> >>
> >> Thanks.
> >>
> >> --Yongjun
> >>
> >> On Fri, Mar 13, 2015 at 4:45 PM, Allen Wittenauer <aw@altiscale.com>
> wrote:
> >>
> >>>
> >>> I think the general consensus is don’t include the changes.txt file in
> >>> your commit. It won’t be correct for both branches if such a commit is
> >>> destined for both. (No, the two branches aren’t the same.)
> >>>
> >>> No, git log isn’t more accurate.  The problems are:
> >>>
> >>> a) cherry picks
> >>> b) branch mergers
> >>> c) “whoops i missed something in that previous commit”
> >>> d) no identification of what type of commit it was without hooking into
> >>> JIRA anyway.
> >>>
> >>> This is why I prefer building the change log from JIRA.  We already
> build
> >>> release notes from JIRA, BTW.  (Not that anyone appears to read them
> given
> >>> the low quality of our notes…)  Anyway, here’s what I’ve been
> >>> building/using as changes.txt and release notes:
> >>>
> >>> https://github.com/aw-altiscale/hadoop-release-metadata
> >>>
> >>> I try to update these every day. :)
> >>>
> >>> On Mar 13, 2015, at 4:07 PM, Yongjun Zhang <yzhang@cloudera.com>
> wrote:
> >>>
> >>> > Thanks Esteban, I assume this report gets info purely from the jira
> >>> > database, but not "git log" of a branch, right?
> >>> >
> >>> > I hope we get the info from "git log" of a release branch because
> that'd
> >>> be
> >>> > more accurate.
> >>> >
> >>> > --Yongjun
> >>> >
> >>> > On Fri, Mar 13, 2015 at 3:11 PM, Esteban Gutierrez <
> esteban@cloudera.com
> >>> >
> >>> > wrote:
> >>> >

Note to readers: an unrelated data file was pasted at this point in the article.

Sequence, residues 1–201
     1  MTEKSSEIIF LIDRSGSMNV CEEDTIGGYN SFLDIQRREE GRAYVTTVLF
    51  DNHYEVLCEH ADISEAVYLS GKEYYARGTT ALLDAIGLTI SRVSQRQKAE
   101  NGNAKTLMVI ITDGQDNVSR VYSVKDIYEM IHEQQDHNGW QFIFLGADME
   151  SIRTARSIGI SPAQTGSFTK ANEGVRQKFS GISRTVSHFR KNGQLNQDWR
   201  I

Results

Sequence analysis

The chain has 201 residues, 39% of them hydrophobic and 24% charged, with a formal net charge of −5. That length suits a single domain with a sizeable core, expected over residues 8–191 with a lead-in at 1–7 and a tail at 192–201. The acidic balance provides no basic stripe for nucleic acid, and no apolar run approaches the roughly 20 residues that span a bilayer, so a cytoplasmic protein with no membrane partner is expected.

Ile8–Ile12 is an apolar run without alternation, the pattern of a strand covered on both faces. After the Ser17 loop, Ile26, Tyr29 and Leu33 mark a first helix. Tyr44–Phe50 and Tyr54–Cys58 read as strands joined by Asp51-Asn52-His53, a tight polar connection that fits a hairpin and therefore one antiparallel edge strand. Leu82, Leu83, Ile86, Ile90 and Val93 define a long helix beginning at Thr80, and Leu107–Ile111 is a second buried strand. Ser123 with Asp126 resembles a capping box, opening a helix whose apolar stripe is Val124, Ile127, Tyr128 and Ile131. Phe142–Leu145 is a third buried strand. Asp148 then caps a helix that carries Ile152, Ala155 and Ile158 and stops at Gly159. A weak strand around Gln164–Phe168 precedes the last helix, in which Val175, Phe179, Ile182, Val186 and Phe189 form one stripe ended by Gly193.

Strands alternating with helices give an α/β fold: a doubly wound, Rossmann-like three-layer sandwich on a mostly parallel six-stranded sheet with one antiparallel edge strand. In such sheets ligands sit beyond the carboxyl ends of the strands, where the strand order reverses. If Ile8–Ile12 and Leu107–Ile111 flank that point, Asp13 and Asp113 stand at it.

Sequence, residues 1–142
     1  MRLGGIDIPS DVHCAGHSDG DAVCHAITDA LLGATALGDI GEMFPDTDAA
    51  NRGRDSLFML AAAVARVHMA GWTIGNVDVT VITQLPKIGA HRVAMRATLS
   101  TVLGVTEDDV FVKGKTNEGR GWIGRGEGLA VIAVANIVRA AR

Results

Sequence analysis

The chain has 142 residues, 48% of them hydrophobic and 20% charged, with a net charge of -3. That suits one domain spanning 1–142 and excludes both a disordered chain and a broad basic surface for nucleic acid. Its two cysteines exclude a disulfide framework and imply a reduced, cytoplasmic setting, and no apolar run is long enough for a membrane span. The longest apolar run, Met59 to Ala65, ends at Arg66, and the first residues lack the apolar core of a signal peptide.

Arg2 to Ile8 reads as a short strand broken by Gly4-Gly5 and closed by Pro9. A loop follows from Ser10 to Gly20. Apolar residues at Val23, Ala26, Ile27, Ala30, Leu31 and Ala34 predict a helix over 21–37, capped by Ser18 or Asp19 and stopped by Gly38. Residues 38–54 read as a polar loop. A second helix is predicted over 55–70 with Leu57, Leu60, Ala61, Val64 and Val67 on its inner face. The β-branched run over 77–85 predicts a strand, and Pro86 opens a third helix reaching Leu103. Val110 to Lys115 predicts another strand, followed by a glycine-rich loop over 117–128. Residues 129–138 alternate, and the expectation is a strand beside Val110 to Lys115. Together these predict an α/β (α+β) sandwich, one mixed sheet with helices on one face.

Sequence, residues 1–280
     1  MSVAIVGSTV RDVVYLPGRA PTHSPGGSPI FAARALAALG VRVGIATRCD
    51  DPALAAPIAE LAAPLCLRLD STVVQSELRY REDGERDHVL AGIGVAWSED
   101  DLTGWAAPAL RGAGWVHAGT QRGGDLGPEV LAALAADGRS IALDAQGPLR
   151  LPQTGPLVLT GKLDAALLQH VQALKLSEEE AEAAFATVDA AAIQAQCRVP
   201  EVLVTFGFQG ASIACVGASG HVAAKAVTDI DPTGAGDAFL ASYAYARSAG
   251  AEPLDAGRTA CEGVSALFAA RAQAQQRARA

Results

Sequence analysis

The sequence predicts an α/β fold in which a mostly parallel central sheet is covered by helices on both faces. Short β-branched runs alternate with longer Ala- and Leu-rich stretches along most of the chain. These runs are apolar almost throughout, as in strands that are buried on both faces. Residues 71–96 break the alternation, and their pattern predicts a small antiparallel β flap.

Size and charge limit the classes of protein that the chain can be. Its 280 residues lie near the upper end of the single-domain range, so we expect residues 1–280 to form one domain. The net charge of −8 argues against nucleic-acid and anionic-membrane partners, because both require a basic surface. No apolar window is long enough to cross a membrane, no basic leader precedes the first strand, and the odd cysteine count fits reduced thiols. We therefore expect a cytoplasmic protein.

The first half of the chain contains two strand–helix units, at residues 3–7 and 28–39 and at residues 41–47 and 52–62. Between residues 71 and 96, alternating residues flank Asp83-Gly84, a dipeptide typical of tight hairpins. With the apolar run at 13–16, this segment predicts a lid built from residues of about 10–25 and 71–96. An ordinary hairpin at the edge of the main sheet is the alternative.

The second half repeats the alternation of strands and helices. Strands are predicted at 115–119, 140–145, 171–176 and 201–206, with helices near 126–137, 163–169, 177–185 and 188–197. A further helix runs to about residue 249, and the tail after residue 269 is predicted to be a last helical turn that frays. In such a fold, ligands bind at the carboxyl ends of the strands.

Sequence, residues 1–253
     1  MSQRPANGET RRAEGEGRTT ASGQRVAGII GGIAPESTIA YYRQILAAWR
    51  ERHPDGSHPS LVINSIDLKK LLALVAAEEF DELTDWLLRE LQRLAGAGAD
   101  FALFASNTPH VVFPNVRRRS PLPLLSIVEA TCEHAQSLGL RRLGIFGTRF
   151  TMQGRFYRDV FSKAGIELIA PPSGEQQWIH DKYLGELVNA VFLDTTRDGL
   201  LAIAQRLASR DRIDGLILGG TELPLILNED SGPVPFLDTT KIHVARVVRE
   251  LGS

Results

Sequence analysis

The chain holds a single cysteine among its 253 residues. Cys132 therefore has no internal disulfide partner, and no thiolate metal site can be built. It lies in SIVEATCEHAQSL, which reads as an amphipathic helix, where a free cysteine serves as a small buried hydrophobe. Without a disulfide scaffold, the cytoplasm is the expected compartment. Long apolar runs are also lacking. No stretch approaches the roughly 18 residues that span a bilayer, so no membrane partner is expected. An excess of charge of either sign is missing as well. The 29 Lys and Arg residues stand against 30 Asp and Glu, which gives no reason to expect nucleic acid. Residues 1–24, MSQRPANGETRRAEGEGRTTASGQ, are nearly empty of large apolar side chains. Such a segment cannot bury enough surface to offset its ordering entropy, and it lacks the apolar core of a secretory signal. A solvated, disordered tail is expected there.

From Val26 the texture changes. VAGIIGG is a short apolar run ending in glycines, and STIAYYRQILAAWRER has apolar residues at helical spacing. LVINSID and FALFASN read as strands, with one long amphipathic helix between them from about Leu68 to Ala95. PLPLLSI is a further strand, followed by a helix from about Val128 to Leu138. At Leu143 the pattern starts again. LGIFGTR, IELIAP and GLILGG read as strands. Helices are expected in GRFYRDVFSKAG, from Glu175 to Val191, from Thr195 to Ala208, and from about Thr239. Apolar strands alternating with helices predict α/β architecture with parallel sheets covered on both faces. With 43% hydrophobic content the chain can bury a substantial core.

> >>> >> JIRA already provides a report:
> >>> >>
> >>> >>
> >>> >>
> >>>
> https://issues.apache.org/jira/secure/ReleaseNote.jspa?version=12327179&styleName=Html&projectId=12310240
> >>> >>
> >>> >>
> >>> >> cheers,
> >>> >> esteban.
> >>> >>
> >>> >>
> >>> >>
> >>> >>
> >>> >> --
> >>> >> Cloudera, Inc.
> >>> >>
> >>> >>
> >>> >> On Fri, Mar 13, 2015 at 3:01 PM, Sean Busbey <busbey@cloudera.com>
> >>> wrote:
> >>> >>
> >>> >>> So long as you include the issue number, you can automate pulling
> the
> >>> >> type
> >>> >>> from jira directly instead of putting it in the message.
> >>> >>>
> >>> >>> On Fri, Mar 13, 2015 at 4:49 PM, Yongjun Zhang <
> yzhang@cloudera.com>
> >>> >>> wrote:
> >>> >>>
> >>> >>>> Hi,
> >>> >>>>
> >>> >>>> I found that changing CHANGES.txt when committing a jira
is error
> >>> prone
> >>> >>>> because of the different sections in the file, and sometimes
we
> forget
> >>> >>>> about changing this file.
> >>> >>>>
> >>> >>>> After all, git log would indicate the history of a branch.
I
> wonder if
> >>> >> we
> >>> >>>> could switch to a new method:
> >>> >>>>
> >>> >>>> 1. When committing, ensure the message include the type
of the
> jira,
> >>> >> "New
> >>> >>>> Feature", "Bug Fixes", "Improvement" etc.
> >>> >>>>
> >>> >>>> 2. No longer need to make changes to CHANGES.txt for each
commit
> >>> >>>>
> >>> >>>> 3. Before releasing a branch, create the CHANGES.txt by
using "git
> >>> log"
> >>> >>>> command for the given branch..
> >>> >>>>
> >>> >>>> Thanks.
> >>> >>>>
> >>> >>>> --Yongjun
> >>> >>>>
> >>> >>>
> >>> >>>
> >>> >>>
> >>> >>> --
> >>> >>> Sean
> >>> >>>
> >>> >>
> >>>
> >>>
> >
> >
>